Google announced YouTube TV at the end of February, and now the live TV streaming service is ready to launch. It's available today on your phone and computer in five markets: New York City, Los Angeles, San Francisco, Chicago and Philadelphia. If you hadn't heard yet, the $35 monthly service offers live streams from all four major broadcast networks (CBS, Fox, NBC and ABC) and a host of other networks like ESPN, FX, the CW and many others. All told, YouTube TV is launching with 39 stations, but 10 more (including AMC, IFC and BBC America) will arrive soon.
At launch, you'll use either the new YouTube TV app (for iOS or Android) or the web-based interface to access the new service. Ironically, the only way to get YouTube TV onto an actual TV set is with Chromecast or Cast built-in -- there aren't apps for the Apple TV or other set-top boxes or consoles yet. Google says they'll come, but for now, the website and app will be the primary way to interact with YouTube TV.
We'll have a more extensive walkthrough of the new service soon, but for starters, there are a few things it does very well. YouTube TV is very fast at getting you into live TV -- when you're browsing things to watch, live previews start almost immediately. It's not entirely necessary to get a preview of what's on the channel, but it's a very engaging feature that can also keep you from clicking through to something that's on commercial break.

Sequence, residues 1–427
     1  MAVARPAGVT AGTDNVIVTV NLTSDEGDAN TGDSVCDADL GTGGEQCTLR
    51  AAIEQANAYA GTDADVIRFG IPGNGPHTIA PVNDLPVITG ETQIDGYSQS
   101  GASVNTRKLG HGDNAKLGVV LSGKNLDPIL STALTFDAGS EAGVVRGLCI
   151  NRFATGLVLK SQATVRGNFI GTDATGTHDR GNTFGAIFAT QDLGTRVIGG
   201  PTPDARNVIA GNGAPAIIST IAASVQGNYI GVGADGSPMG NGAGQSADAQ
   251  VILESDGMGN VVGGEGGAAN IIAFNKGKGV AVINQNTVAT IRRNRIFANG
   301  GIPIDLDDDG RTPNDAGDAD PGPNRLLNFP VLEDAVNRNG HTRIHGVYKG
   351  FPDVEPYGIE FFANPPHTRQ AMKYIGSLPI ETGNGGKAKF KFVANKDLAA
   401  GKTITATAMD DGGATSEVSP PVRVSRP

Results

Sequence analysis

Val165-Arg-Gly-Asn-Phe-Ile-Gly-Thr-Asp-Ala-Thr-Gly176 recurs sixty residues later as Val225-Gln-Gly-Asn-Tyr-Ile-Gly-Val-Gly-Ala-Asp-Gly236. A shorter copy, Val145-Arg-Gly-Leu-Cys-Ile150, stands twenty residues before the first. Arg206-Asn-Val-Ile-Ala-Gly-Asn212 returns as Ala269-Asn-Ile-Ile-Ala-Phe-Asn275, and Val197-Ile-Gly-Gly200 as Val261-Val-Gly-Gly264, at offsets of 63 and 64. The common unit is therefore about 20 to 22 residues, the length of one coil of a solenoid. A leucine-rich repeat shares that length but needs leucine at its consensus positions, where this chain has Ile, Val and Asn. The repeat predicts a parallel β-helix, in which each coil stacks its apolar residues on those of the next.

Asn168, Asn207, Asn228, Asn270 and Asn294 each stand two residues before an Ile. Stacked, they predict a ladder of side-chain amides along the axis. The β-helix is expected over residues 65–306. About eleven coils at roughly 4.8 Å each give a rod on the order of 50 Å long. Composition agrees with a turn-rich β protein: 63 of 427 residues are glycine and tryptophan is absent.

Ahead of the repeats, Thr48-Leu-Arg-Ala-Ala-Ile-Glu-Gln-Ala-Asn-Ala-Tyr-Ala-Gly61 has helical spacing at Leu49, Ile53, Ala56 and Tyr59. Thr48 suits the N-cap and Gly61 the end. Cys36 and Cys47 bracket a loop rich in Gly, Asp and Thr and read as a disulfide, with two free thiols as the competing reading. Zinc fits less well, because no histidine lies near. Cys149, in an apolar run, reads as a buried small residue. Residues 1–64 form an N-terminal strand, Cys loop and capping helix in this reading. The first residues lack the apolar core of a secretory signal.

Membership comes with support for six accounts, and three simultaneous streams at a time. There is an unlimited amount of cloud DVR space, but you should know that recordings will only stick around for nine months. Also, you can expect access to YouTube Red originals.
Another noteworthy feature is how many channels offer on-demand movie libraries. While finding large libraries of TV shows that are available on demand isn't easy, there are a bunch of movies from networks like FX, Syfy and Showtime (the latter channel is only available as a paid add-on, though). You can add these films to your library and watch them anytime, though you might have to deal with some ads or see a movie that has been edited in some way from the original version. Still, the number of films that you can just jump right into is impressive.
The UI is also pretty well done, particularly the "live" section of the app. There, you can vertically scroll through a list of channels and see everything that's playing right at that moment. The top-most program in the list goes live with a video preview, and as you scroll down that'll dynamically update if you want a preview of what's on. When I first started using the app, I found this to be the best place to go to find programs to start watching and adding to my library. Before long I had a half-dozen shows and a handful of movies saved or set to be recorded.
We'll have more to say about the service soon -- but if you want to try it yourself, grab YouTube TV from your app store of choice or go to tv.youtube.com. You'll have to live in one of those five metro areas, though. Google's offering a free month trial, and you can also get a free Chromecast with your first month's payment. There are a handful of services like YouTube TV already out there, but Google's offering probably worth a look if you need live TV but don't want to pay the cable company.